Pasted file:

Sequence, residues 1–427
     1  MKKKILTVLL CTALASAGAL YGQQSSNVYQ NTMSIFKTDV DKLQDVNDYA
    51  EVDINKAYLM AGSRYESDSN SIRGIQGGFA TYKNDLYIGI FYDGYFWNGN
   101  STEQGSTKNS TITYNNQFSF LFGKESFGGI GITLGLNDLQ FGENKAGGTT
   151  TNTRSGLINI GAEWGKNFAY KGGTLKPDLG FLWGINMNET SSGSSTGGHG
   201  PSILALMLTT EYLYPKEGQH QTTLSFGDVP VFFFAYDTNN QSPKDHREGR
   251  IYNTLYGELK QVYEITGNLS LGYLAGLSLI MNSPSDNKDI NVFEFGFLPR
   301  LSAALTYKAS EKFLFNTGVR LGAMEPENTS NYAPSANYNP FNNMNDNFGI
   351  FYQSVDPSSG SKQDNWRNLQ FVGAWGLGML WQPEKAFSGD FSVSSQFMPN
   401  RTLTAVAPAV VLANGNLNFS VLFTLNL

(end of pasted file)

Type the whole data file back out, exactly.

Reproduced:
Sequence, residues 1–427
     1  MKKKILTVLL CTALASAGAL YGQQSSNVYQ NTMSIFKTDV DKLQDVNDYA
    51  EVDINKAYLM AGSRYESDSN SIRGIQGGFA TYKNDLYIGI FYDGYFWNGN
   101  STEQGSTKNS TITYNNQFSF LFGKESFGGI GITLGLNDLQ FGENKAGGTT
   151  TNTRSGLINI GAEWGKNFAY KGGTLKPDLG FLWGINMNET SSGSSTGGHG
   201  PSILALMLTT EYLYPKEGQH QTTLSFGDVP VFFFAYDTNN QSPKDHREGR
   251  IYNTLYGELK QVYEITGNLS LGYLAGLSLI MNSPSDNKDI NVFEFGFLPR
   301  LSAALTYKAS EKFLFNTGVR LGAMEPENTS NYAPSANYNP FNNMNDNFGI
   351  FYQSVDPSSG SKQDNWRNLQ FVGAWGLGML WQPEKAFSGD FSVSSQFMPN
   401  RTLTAVAPAV VLANGNLNFS VLFTLNL